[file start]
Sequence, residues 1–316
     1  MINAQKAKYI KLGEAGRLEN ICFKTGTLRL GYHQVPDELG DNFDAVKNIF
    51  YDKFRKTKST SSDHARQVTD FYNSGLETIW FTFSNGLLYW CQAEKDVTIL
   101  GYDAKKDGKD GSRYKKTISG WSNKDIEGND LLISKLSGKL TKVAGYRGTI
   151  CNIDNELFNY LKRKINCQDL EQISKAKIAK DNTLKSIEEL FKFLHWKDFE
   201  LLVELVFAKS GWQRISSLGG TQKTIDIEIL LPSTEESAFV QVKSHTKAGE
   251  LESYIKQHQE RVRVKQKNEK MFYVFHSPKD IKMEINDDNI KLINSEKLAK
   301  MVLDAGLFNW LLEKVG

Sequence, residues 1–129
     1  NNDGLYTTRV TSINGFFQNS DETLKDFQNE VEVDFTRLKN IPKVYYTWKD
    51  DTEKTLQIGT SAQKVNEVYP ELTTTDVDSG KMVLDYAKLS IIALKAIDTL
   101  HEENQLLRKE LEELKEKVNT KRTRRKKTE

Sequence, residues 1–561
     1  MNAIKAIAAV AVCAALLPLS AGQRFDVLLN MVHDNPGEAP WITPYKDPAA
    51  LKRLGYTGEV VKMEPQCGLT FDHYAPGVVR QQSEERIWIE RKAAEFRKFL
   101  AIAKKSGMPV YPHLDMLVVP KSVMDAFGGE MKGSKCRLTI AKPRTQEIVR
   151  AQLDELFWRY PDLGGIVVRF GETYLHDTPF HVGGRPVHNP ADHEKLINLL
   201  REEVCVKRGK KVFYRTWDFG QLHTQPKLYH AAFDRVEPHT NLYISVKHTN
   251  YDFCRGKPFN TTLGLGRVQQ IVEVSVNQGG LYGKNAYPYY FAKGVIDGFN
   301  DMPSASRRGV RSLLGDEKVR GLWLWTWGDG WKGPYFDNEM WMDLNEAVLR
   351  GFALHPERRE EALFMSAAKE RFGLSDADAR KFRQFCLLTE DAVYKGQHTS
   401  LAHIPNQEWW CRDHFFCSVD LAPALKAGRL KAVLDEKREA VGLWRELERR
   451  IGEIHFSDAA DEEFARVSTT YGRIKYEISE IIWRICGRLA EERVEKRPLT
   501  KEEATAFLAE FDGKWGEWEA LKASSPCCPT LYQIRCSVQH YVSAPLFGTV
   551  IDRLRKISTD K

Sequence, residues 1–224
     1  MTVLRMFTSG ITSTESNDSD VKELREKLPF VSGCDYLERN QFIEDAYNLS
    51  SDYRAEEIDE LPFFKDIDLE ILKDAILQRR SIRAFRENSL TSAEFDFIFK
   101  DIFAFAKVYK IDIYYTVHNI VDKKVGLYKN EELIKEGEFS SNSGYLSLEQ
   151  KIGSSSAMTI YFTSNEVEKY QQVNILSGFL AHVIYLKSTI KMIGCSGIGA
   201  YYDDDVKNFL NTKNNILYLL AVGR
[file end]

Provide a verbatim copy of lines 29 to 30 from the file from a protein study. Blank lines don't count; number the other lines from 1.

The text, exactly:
   101  DIFAFAKVYK IDIYYTVHNI VDKKVGLYKN EELIKEGEFS SNSGYLSLEQ
   151  KIGSSSAMTI YFTSNEVEKY QQVNILSGFL AHVIYLKSTI KMIGCSGIGA